Loudon County School board votes to withhold report of how it handled sexual assault cases

by Jacob Fuller

Trey Paul, FISM News 

Parents in Loudon County, Virginia learned they would be kept in the dark Tuesday when the Loudon County School Board (LCSB) voted to not release the findings of an independent report detailing how two sexual assault cases were handled at two high schools in 2021.

The report is the result of an independent investigation requested by the school division after a 15-year-old male student — who identified as “gender-fluid” — was accused of raping a female student in the girl’s bathroom. Parents say the school covered up the sexual assault and even let that male student, despite facing charges, transfer to another school in the district where he’s accused of sexually assaulting another girl.

Investigators say the “gender-fluid” male student was wearing a skirt when he sexually assaulted the female student in the girl’s bathroom, bringing the school’s transgender policy under fire.

As for the independent report that could explain why that student was allowed to transfer, the Loudon County School Board says they aren’t releasing it because it’s subject to attorney-client privilege.

“Under the best of circumstances, waiving attorney-client privilege is fraught with pitfalls, which is why it is done exceedingly rarely. Being open and transparent is important, but so is the right of our students and staff to be able to communicate with legal counsel without it being made public — that is such an important principle that it’s one of the cornerstones of the American legal system,” said LCSB Chair Ian Serotkin. “Releasing the report would cause a subject matter waiver of every communication anyone in LCPS had with legal counsel broadly related to these incidents over the past year and a half. If I could disentangle the release of the report from that, I would. But we cannot.”

According to a news release from Loudon County Public Schools, the report contains “personally identifiable information regarding students.”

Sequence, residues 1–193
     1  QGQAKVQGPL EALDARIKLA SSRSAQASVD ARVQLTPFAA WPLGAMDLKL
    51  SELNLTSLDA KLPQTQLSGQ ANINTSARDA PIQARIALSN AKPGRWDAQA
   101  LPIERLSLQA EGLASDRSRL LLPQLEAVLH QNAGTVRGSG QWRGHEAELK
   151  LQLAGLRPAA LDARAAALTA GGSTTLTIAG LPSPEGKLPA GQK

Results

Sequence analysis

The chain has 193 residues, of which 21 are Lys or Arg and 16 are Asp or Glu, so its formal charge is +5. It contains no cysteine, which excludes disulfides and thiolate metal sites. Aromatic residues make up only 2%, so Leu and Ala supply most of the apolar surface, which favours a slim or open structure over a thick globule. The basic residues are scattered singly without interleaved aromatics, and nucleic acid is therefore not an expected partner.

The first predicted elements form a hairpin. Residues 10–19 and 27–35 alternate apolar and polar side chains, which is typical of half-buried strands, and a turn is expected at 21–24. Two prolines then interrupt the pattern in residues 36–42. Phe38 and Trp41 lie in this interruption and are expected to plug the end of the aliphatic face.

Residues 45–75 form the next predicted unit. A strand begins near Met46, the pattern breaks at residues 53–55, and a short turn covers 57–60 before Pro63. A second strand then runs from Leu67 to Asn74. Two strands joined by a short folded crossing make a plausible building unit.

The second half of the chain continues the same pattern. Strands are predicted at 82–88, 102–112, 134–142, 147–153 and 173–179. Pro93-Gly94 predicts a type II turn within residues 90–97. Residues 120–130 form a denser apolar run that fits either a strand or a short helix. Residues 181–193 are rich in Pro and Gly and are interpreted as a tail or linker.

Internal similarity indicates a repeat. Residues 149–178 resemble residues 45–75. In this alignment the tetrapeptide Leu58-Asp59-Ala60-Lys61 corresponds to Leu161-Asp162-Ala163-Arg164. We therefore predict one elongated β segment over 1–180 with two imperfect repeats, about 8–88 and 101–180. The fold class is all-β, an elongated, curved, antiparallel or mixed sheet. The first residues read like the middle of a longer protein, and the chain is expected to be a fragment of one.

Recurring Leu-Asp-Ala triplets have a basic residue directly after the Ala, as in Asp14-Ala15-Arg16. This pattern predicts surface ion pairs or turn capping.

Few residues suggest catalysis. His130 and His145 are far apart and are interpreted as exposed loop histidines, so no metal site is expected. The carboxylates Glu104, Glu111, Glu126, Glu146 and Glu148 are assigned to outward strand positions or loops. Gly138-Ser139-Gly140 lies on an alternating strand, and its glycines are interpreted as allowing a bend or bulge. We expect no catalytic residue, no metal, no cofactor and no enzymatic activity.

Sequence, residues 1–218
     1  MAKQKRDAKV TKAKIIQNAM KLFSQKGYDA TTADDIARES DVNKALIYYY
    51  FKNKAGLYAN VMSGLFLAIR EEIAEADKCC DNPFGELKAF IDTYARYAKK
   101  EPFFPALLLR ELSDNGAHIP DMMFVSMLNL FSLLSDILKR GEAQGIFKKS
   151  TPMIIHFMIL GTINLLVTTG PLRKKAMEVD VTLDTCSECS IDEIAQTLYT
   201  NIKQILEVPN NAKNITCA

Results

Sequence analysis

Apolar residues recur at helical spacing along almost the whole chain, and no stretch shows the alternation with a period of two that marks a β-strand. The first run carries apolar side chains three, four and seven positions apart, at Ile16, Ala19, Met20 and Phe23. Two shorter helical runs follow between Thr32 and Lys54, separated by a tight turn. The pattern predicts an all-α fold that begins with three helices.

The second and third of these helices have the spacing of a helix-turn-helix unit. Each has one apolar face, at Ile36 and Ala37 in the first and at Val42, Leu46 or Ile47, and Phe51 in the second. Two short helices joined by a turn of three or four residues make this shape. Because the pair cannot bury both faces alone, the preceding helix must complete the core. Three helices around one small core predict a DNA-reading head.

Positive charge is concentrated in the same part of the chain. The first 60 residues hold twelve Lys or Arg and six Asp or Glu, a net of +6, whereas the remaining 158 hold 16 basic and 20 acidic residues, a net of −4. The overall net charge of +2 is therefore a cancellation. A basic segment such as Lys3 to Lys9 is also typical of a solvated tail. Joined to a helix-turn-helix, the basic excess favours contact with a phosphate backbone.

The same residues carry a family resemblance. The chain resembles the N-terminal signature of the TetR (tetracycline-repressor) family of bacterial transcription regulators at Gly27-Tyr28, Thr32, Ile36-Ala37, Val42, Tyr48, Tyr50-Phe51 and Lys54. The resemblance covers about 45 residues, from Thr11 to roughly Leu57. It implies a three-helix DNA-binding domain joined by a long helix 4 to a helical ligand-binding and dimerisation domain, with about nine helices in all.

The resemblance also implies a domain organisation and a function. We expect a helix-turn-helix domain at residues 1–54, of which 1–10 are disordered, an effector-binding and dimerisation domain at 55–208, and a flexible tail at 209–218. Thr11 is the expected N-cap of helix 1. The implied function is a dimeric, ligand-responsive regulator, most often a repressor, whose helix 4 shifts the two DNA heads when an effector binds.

Under Virginia law, people are allowed to appeal a final school board decision to the local circuit court. The person appealing has to prove they were personally harmed by the decision, meaning the parents of the students who were assaulted could file an appeal.

Scott Smith, the father of one of the sexual assault victims, told FOX 5 D.C. that he’s not opposed to the idea of making an appeal. “It’s very important to get that report out so if our family and the other family could come to an agreement that we both want it out and a law firm wants to take this upon themselves, I would consider it,” said Smith. “I would put my name behind it. But at this point, we have to start healing as a family, and we’ve lost a lot of family treasure fighting this good fight.”

School Board member Erika Ogedegbe, who voted to not release the report, said she believed that even “a heavily redacted or summary report would draw more concerns about transparency from the general public.”

School Board member John Beatty, who made a motion to publicly release the report, told FISM News that serving as the “lone conservative” on the Loudon County School Board has “been like a hurricane the whole time.”

Then-gubernatorial candidate Glenn Youngkin called for a full investigation of the Loudon County School board in October of 2021 before winning the governor’s race.

In April of that year, Gov. Youngkin amended a bill that placed all nine Loudon County School Board members on the ballot a year earlier than planned.

“The last few years just absolutely signified some real challenges with the Loudoun County School Board. And so in the spirit of transparency and accountability, my amendment gives parents the ability to elect their school board. This election can reflect the will of parents,” Gov. Youngkin told 7 News.

“While the School Board has voted not to release the Blankingship & Keith Report, LCPS will remain focused on continuing to make improvements wherever we can and working toward our goal of empowering each student to maximize their potential and make meaningful contributions to the world,” stated acting Loudon County Superintendent Daniel Smith.